Internet And Democracy - 10 years later
author: Arne Rogg-Pietz, Institut für Sozialwissenschaften im Fachbereich Politikwissenschaft, Christian-Albrechts-University in Kiel
recorded by: Center of Excellence Cognitive Interaction Technology (CITEC)
recorded by: Artificial Intelligence Laboratory
published: March 24, 2012, recorded: February 2012, views: 3110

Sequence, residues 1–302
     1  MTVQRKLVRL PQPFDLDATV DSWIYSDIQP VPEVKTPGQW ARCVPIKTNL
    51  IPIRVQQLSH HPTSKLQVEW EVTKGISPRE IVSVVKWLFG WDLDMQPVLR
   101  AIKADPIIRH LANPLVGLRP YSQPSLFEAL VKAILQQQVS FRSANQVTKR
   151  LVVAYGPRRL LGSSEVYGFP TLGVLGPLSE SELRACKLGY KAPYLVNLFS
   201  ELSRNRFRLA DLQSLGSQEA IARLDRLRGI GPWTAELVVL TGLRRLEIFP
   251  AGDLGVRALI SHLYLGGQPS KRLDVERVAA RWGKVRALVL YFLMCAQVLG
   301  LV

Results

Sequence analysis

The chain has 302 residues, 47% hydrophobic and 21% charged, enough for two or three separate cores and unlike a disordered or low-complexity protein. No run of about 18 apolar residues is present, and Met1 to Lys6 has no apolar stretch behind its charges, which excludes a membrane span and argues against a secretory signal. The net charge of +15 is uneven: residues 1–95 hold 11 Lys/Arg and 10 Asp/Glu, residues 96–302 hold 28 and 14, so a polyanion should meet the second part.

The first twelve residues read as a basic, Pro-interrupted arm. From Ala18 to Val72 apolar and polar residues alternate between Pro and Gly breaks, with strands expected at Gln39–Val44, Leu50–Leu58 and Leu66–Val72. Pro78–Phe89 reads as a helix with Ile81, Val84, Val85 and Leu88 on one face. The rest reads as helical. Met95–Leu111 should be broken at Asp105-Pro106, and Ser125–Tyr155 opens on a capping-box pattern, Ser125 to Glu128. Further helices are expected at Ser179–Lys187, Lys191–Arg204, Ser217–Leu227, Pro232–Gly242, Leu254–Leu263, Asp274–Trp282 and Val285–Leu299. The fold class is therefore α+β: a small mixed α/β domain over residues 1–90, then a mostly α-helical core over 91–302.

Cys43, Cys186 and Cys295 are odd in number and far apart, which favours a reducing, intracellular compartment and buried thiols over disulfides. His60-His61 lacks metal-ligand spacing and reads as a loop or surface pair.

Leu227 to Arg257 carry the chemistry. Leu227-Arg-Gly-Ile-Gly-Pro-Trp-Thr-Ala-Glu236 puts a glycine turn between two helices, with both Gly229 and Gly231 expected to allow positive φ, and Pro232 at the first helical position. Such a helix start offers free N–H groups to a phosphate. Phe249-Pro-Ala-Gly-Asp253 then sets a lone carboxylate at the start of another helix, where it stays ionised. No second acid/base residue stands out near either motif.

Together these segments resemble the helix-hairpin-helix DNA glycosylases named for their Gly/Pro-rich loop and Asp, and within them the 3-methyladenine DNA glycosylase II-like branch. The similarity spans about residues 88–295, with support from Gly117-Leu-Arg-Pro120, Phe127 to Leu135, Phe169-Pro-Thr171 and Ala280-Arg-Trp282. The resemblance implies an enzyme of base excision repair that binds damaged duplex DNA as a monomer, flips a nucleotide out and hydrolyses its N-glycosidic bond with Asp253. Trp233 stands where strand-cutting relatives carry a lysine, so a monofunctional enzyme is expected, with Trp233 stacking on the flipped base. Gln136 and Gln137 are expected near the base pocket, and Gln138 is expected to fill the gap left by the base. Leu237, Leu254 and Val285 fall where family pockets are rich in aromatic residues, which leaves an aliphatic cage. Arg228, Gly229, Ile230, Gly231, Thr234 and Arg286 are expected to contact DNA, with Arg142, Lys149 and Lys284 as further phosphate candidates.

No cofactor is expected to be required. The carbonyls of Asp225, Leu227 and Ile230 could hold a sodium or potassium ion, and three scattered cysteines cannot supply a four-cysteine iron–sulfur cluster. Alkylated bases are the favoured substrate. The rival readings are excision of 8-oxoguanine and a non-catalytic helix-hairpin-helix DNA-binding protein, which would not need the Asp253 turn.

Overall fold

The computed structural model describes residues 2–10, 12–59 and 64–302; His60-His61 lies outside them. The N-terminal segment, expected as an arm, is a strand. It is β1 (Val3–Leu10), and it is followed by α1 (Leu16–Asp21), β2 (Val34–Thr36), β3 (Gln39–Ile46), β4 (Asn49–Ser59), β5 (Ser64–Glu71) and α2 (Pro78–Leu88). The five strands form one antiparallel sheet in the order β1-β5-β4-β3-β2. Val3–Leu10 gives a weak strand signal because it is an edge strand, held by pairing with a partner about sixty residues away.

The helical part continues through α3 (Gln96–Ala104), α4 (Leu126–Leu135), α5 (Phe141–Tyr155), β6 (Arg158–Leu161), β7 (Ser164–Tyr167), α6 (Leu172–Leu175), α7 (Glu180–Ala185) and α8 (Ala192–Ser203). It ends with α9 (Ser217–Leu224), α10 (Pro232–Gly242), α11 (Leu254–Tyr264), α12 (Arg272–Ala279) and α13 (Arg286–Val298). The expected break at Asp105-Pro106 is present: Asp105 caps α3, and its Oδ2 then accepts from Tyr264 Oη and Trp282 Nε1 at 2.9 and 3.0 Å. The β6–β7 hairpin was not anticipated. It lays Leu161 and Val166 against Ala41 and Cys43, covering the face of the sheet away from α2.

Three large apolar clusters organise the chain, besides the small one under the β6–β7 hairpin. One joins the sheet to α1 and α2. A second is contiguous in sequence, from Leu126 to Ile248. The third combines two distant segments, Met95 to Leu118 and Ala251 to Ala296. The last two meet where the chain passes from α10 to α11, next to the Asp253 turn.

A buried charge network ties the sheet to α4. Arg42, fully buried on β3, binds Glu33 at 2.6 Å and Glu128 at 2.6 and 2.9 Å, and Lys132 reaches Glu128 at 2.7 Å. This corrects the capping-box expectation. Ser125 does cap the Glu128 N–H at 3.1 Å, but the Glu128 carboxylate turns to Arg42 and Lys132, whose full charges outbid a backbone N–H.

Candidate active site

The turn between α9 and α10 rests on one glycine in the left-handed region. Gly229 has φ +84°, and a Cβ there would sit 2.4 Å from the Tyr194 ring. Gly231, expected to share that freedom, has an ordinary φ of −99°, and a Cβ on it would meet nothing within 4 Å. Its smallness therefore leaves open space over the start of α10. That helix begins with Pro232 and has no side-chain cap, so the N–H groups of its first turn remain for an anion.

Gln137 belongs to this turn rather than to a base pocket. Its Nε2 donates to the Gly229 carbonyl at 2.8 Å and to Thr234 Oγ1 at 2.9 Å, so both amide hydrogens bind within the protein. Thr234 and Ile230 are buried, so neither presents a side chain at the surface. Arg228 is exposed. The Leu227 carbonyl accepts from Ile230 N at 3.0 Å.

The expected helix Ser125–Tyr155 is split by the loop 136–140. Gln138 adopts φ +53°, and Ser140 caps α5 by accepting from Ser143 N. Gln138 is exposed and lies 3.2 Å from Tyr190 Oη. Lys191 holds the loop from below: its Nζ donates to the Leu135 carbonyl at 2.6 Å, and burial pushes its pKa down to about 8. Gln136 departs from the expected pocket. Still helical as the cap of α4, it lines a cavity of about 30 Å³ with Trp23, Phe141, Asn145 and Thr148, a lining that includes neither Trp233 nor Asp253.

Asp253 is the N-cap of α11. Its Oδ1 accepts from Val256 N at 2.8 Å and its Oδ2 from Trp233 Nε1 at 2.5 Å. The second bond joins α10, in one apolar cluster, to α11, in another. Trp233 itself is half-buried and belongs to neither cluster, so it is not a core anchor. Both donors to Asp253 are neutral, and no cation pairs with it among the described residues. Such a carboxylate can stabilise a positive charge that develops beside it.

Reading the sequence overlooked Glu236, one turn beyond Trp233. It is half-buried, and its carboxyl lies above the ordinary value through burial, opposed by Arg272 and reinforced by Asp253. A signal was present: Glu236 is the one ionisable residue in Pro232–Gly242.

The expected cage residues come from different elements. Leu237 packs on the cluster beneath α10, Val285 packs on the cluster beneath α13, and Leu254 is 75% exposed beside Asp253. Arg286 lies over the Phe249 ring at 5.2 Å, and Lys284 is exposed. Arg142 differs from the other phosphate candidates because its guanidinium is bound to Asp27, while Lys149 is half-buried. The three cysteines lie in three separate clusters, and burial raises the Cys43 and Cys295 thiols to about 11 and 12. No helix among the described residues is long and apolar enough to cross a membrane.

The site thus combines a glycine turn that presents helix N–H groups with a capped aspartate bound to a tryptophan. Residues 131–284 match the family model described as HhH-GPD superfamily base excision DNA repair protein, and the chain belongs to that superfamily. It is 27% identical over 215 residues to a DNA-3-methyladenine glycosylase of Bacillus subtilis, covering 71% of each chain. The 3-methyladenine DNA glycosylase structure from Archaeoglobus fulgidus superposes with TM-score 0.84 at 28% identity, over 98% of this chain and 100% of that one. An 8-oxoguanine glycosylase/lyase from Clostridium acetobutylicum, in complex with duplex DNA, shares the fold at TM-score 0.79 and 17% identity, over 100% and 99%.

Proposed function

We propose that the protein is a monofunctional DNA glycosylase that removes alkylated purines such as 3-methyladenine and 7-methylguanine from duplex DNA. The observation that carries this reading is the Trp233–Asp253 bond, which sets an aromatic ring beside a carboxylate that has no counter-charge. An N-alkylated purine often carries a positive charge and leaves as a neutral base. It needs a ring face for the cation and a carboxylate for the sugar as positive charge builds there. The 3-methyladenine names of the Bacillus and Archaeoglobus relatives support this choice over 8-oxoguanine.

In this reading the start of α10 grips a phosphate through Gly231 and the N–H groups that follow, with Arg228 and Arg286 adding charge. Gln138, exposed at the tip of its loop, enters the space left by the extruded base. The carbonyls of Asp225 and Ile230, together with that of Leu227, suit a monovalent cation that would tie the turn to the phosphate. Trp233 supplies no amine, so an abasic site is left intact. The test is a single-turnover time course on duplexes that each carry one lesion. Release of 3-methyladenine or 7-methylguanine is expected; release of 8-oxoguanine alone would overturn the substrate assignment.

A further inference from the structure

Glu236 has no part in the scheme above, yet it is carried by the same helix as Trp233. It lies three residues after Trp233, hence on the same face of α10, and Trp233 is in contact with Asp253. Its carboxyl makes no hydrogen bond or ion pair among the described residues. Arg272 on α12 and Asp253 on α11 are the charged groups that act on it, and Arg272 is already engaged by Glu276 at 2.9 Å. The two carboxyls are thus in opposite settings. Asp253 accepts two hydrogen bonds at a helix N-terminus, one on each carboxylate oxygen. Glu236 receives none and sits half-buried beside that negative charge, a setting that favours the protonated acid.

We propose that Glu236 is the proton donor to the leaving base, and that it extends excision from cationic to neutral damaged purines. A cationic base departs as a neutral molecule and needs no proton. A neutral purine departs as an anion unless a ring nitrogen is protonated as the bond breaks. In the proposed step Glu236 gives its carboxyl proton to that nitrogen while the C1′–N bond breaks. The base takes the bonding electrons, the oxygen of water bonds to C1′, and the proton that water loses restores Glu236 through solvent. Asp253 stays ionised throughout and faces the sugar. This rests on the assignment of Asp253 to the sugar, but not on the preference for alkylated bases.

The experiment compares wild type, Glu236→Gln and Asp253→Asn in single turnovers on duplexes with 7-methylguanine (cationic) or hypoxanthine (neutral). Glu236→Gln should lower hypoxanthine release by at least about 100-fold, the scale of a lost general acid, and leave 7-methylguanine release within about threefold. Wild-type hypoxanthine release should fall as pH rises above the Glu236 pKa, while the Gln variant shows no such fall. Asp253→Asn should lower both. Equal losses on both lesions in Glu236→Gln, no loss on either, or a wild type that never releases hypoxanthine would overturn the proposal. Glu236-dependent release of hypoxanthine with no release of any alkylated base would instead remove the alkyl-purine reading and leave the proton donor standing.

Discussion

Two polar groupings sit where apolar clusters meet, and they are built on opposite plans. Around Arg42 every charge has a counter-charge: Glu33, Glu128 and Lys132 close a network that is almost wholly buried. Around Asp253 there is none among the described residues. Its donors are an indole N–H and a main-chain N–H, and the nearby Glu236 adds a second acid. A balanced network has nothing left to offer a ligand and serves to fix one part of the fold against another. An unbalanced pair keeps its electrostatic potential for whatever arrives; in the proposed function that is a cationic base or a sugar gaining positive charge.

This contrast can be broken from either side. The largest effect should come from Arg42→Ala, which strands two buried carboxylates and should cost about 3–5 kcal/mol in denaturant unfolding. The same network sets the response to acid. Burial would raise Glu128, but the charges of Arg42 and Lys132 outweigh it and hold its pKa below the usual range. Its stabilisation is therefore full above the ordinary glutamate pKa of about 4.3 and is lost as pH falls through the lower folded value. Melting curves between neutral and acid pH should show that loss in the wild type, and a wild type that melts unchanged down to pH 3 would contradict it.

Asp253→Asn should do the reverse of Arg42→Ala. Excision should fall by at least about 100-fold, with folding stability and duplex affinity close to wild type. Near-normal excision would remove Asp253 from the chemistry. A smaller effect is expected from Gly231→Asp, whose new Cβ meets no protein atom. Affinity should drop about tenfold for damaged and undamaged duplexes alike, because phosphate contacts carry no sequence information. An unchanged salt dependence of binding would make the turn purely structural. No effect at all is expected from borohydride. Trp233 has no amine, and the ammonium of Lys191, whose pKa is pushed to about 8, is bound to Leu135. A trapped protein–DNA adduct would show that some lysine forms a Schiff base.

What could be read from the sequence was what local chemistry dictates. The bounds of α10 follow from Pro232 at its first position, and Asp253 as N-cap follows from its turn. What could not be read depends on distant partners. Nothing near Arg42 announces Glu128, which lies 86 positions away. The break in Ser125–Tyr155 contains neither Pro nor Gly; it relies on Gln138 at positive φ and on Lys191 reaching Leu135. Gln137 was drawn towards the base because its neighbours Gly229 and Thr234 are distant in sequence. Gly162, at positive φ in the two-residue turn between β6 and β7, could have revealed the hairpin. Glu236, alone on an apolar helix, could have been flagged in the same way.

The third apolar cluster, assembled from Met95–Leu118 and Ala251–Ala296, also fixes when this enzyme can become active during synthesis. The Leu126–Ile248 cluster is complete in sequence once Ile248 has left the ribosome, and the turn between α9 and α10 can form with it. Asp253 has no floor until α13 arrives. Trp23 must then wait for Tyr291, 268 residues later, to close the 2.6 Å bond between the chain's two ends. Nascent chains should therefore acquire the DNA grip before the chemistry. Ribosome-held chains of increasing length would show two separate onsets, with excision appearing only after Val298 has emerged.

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I started thinking and writing about the relationship between the internet and democracy about thirteen years ago. And whenever I met the people I worked with at that time to talk about what would change in our political system, western democracy as we knew it, the answer to that question was easy to give: Everything – with a capital E. And not only would computer-mediated communication change everything, it would change everything for the better. One only has to think of John Perry Barlow's famous 'Declaration of the Independence of Cyberspace' (1996) or the 'State of the Nation Address' Andy Müller-Maguhn gave in 2000 when he was elected into the ICANN Board of Directors. But surprisingly or not, this positive view of the situation has only lasted a rather short period. In the following I am going to argue that in only ten to fifteen years, the influence on democracy which is ascribed to the internet has changed from overwhelmingly positive to at least balanced, perhaps it is even dangling a bit to the negative side.
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